Four reasons why the h-index Is here to stay

October 9, 2014 Rachel Zawada

Since the h-index was first introduced to the scientific community by Jorge Hirsch in 2005 (Hirsch JE. An index to quantify an individual’s scientific research output. Proc. Natl. Acad. Sci. 2005; 102(46): 16569-16572.), there has been no shortage of skeptics angrily waving their torches and pitchforks in protest. And it’s no wonder why – telling a scholar that you’re going to assign an index to measure the impact and productivity of his published work is like telling a parent that you’re going to assess the value of his baby. You’ve likely heard all the arguments against the h-index before, but let’s recap just a few:

  • It awards all co-authors on a given paper with the same value, from the lead author down to the very last contributing author on the list.
  • It suffers from a case of reverse ageism – the older an author is, the higher his h-index is likely to be.
  • Using it to rank authors across disciplines is about as useful as comparing apples to oranges.

The list of criticisms goes on, but let’s not fail to mention that even the way it’s calculated is so simplistic that it seems like something my eight year-old nephew came up with (just kidding – he’s actually four.)

But as much as people like to poke holes and poke fun at the h-index methodology, the Carrie Bradshaw in me couldn’t help but wonder who is really getting the last laugh. After all, if the h-index is so flawed, then why is it still a topic of heated conversation almost ten years later? I had to sift through countless negative articles, angry blog posts, and borderline death threats, but eventually found some surprising revelations around how the scientific community is embracing one little number in four big ways.

  1. Measuring research performance. It’s common knowledge that using h-index to compare research output across different disciplines isn’t fair to more specialized fields. However, some global university ranking systems are beginning to incorporate the h-index into their methodology at the subject level. The most notable of these is the QS World University Rankings by Subject, which started factoring it into their calculations in 2013. Other world university rankings that now utilize the h-index include the University Rankings by Academic Performance, the National Taiwan University Ranking, and the Center for World University Rankings.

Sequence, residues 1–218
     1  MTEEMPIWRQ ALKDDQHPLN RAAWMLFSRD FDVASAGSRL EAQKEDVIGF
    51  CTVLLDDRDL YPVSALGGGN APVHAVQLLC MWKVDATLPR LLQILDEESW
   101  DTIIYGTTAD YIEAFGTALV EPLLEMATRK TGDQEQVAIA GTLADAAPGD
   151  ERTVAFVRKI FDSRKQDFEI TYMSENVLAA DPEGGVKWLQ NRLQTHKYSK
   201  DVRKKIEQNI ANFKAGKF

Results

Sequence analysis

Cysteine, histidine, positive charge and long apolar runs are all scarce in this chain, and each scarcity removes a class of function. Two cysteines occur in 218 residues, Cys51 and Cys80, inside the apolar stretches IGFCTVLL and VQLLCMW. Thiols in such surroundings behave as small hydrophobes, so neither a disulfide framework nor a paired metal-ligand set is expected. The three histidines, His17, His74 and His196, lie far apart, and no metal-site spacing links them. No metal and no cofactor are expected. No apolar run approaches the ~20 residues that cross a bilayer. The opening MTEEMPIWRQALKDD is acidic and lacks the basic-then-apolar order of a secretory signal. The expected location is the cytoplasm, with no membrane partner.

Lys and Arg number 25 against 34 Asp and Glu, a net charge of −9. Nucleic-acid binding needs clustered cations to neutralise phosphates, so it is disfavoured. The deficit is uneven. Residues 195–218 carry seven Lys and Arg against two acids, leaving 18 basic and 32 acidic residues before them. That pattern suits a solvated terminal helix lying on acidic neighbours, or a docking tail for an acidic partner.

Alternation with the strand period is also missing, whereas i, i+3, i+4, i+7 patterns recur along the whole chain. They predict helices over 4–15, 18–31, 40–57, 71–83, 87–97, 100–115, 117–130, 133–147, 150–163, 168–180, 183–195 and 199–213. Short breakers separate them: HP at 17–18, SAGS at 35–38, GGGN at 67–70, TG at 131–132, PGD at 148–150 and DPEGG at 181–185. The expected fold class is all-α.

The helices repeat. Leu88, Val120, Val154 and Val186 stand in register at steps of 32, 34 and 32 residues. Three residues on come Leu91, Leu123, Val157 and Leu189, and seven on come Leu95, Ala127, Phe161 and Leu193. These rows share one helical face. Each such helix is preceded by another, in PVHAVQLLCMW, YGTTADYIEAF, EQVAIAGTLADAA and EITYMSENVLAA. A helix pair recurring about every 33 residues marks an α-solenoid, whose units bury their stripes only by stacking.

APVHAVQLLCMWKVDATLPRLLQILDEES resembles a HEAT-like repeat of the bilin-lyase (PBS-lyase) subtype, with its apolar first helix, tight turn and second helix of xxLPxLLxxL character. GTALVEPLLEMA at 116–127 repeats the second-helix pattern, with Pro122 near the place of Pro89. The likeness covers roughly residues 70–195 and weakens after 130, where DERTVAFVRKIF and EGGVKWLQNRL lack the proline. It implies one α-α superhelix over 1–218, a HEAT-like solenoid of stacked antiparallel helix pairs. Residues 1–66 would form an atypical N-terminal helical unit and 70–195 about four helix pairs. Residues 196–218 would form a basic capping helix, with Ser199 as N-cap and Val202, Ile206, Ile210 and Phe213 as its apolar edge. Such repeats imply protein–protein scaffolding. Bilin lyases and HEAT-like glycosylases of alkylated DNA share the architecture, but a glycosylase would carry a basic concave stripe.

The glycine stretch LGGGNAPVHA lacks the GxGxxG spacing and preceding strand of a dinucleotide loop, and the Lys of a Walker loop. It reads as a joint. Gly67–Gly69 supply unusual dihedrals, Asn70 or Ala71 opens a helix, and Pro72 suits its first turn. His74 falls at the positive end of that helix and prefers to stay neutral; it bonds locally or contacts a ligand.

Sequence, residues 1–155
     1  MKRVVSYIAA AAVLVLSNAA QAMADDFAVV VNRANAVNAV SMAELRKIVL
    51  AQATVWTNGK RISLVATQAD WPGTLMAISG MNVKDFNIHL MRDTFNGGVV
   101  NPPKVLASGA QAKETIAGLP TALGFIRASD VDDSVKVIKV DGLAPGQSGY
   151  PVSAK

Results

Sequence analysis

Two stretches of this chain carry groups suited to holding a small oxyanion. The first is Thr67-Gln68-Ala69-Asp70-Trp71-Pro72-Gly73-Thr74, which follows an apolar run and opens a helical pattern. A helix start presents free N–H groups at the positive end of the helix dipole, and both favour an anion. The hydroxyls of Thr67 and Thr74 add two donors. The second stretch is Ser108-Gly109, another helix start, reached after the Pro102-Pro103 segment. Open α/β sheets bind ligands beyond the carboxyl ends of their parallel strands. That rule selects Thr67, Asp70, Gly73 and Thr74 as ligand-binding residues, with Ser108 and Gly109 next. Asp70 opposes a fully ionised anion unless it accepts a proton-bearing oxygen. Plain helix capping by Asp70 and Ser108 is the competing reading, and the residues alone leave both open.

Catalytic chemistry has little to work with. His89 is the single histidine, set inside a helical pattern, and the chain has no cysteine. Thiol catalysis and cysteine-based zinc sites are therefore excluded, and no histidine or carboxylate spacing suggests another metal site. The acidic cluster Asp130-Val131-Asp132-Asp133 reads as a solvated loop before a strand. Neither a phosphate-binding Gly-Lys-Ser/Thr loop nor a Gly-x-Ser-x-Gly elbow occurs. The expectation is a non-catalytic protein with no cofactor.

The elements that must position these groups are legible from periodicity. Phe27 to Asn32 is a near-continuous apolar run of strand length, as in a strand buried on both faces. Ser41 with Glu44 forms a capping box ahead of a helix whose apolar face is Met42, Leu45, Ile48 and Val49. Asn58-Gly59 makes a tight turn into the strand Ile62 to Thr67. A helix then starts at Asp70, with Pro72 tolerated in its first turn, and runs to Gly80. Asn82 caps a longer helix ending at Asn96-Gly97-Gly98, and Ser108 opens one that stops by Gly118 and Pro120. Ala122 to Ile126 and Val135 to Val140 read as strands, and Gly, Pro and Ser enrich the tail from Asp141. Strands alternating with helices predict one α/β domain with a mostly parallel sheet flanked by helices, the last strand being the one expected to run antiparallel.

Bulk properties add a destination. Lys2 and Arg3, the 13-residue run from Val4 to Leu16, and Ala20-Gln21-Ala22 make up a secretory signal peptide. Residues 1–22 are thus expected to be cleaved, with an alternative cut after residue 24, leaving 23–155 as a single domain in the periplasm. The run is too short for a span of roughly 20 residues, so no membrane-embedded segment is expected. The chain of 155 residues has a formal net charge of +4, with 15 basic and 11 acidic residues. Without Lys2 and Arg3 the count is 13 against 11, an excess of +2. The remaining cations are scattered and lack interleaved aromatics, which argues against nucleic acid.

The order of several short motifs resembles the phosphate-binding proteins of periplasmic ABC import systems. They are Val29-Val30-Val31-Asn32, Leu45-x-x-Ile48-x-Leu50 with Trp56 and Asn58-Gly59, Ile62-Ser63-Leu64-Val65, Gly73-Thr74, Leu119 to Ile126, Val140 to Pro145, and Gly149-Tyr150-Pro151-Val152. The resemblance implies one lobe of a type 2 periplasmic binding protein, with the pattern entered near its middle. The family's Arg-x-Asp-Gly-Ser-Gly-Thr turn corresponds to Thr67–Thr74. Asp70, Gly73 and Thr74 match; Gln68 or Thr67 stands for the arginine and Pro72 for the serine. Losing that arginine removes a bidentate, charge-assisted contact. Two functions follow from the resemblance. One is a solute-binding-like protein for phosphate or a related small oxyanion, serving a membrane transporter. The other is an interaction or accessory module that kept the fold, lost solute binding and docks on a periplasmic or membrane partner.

2. Grant funding. From Ophthalmology (Svider PF et al. The association between scholarly impact and National Institutes of Health funding in ophthalmology. Ophthalmology. 2014; 121(1): 423-428.) to Academic Radiology (Rezek I et al. Is the h-index predictive of greater NIH funding success among academic radiologists? Acad Radiol. 2011; 18(11): 1337-1340.) to Acta Anaesthesiologica Scandinavica (Pagel PS, Hudetz JA. H-index is a sensitive indicator of academic activity in highly productive anaesthesiologists: results of a bibliometric analysis. Acta Anaesthesiol Scand. 2011; 55(9):1085-9.) , studies published in a variety of peer-reviewed, multidisciplinary journals have reported that a higher h-index is correlated with obtaining grant funding. World Neurosurgery even found that h-index is the only bibliometric that is predictive of receiving funding from the National Institutes of Health, the preeminent funding body in the United States.
  3. Tenure and promotion decisions. Hirsch himself suggested that certain h-index values could lead to career advancement to associate professor or full professorship at major research universities. While this metric certainly isn’t the be-all and end-all in promotion criteria, it does seem to carry some weight in formal evaluation. The School of Medicine at the University of Maryland and Ohio State University are just a couple examples of institutions that were found to reference the h-index in their guides to the promotion and tenure process.
  4. Self-promotion. Faculty members at major universities on every continent were found to tout their personal h-index rankings alongside other awards and qualifications in their online biographies, LinkedIn profiles, and resumes. Could it be that authors are having a change of heart about the h-index? That may be an overstatement, but they do seem to be admitting (perhaps begrudgingly) that it has become a widely recognized and influential bibliometric in the scientific community. Love it or hate it – it appears the h-index is here to stay.

What are your feelings about the h-index? Have you seen it used in any of these (or other) ways?  Leave us a comment below or tweet @WileyResearcher



About the Author

Rachel Zawada

Author Marketing, Wiley // Rachel Zawada is Senior Marketing Manager of Author Solutions at Wiley. She and her team aim to develop new products and services that enhance the author experience when publishing with Wiley.

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